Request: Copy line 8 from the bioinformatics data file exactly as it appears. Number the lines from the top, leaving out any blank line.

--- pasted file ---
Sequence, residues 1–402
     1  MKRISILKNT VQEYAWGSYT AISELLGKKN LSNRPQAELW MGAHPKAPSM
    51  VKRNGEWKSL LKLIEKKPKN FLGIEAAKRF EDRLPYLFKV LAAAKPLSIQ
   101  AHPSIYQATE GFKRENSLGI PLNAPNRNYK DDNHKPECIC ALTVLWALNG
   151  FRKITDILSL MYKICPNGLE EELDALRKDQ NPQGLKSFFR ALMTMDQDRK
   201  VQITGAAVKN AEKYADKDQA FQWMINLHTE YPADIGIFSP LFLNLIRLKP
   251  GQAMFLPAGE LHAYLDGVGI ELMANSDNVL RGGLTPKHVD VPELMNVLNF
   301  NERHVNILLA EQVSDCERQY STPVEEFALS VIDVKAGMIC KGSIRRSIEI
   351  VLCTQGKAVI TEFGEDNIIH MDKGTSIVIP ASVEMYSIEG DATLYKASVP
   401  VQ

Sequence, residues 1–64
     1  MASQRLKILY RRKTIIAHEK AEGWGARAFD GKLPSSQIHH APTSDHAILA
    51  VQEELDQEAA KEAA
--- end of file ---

   301  NERHVNILLA EQVSDCERQY STPVEEFALS VIDVKAGMIC KGSIRRSIEI